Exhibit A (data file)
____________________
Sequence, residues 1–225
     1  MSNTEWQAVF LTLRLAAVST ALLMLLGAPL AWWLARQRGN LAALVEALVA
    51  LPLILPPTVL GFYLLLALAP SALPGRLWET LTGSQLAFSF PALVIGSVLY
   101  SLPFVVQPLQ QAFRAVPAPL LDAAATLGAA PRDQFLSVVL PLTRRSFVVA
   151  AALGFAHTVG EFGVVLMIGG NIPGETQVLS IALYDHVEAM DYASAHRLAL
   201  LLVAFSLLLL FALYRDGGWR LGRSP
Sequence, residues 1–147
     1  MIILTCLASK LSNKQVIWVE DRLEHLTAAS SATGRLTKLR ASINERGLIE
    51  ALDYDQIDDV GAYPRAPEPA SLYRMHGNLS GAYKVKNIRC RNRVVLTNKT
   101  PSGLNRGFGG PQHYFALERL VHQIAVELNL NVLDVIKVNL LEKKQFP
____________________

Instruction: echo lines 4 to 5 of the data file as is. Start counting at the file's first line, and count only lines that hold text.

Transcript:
   101  SLPFVVQPLQ QAFRAVPAPL LDAAATLGAA PRDQFLSVVL PLTRRSFVVA
   151  AALGFAHTVG EFGVVLMIGG NIPGETQVLS IALYDHVEAM DYASAHRLAL